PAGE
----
The Treasury Department’s Financial Crimes Enforcement Network (FinCEN) and the federal banking regulators have taken a small step towards improving the BSA/AML compliance framework for depository institutions.  These agencies issued a Joint Statement on Banks and Credit Unions Sharing Resources to Improve Efficiency and Effectiveness of Bank Secrecy Act Compliance (Joint Statement) on October 3, 2018 to address ways in which small banks and credit unions may enter into collaborative arrangements to share resources to manage their BSA/AML obligations.  The Joint Statement was the result of a working group consisting of FinCEN, the federal banking regulators and the Treasury Department’s Office of Terrorism and Financial Intelligence aimed at improving the effectiveness and efficiency of the BSA/AML regime.

Use of Collaborative Arrangements for BSA/AML Purposes

As described in the Joint Statement, “collaborative arrangements” involve two or more banks with the objective of (1) participating in a common activity or (2) pooling resources to achieve a common goal.  Collaborative arrangements may be used by banks to pool human, technology, or other resources to reduce costs, increase operational efficiencies, and leverage specialized expertise.  The Joint Statement specifically notes that collaborative arrangements for BSA/AML compliance management purposes are generally most suitable for banks “with a community focus, less complex operations, and lower risk-profiles for money laundering or terrorist financing”.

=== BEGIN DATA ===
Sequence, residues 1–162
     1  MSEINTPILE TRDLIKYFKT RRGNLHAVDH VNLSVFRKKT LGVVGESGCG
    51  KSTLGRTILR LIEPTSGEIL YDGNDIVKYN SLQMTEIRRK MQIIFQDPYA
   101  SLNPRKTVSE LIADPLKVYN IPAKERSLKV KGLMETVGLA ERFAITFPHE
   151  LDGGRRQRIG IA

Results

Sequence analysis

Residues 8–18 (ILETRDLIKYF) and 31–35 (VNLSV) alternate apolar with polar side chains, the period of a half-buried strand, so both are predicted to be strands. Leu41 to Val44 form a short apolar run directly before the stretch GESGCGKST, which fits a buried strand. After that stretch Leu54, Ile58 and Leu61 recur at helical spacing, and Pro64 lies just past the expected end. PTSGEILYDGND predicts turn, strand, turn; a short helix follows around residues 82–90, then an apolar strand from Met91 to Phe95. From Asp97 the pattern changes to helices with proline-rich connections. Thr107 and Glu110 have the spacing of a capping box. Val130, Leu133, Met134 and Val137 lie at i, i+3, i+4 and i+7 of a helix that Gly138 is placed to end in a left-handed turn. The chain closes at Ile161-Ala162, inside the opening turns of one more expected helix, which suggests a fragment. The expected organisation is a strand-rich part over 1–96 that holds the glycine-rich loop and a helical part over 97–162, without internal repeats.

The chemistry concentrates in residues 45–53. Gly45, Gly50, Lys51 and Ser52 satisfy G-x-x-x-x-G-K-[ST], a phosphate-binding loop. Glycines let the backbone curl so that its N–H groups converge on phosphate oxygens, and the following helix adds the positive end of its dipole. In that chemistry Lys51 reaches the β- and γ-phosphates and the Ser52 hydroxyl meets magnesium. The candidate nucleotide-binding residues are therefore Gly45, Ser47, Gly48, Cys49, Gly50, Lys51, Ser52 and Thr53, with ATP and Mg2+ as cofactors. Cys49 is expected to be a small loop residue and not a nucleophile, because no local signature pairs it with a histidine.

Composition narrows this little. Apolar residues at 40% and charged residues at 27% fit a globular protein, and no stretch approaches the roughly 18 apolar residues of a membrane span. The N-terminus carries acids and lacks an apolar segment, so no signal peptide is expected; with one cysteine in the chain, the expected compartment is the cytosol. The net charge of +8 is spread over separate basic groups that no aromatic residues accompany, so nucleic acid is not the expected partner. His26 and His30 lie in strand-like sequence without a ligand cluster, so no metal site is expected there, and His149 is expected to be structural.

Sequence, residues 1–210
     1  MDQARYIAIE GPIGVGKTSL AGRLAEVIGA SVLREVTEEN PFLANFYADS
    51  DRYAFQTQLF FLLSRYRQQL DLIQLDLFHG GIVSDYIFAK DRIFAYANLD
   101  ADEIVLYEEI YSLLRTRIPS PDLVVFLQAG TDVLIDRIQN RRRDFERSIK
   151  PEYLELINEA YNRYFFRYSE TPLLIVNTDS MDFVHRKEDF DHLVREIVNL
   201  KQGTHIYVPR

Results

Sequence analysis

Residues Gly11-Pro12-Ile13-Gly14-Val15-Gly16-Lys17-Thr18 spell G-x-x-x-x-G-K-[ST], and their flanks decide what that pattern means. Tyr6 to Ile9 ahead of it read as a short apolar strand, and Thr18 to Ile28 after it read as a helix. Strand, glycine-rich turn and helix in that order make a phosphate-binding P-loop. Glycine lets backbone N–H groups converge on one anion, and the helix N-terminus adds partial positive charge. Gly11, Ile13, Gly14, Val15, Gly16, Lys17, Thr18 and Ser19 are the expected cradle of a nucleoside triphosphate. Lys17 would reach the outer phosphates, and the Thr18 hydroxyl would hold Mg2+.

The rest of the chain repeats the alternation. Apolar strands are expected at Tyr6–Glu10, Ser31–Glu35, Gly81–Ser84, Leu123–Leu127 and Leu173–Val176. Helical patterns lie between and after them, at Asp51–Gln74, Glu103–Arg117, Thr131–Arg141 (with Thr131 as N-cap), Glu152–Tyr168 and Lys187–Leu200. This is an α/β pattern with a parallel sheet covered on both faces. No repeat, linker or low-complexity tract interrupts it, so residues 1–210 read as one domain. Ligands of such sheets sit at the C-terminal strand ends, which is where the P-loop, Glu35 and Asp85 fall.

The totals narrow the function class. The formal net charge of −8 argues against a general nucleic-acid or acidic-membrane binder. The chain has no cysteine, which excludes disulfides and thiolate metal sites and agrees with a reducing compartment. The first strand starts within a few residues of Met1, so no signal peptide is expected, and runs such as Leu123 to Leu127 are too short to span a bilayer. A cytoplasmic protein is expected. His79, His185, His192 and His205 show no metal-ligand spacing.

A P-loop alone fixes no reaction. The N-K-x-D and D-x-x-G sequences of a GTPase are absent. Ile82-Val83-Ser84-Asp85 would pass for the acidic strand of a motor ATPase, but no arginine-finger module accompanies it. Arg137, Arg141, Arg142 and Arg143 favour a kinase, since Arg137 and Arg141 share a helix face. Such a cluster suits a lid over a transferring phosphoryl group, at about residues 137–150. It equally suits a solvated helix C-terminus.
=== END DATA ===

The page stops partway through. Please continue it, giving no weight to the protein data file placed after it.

The Joint Statement details a number of specific, non-exhaustive examples of situations in which the use of shared resources in a collaborative arrangement may be beneficial for banks in meeting their BSA/AML compliance program requirements, including: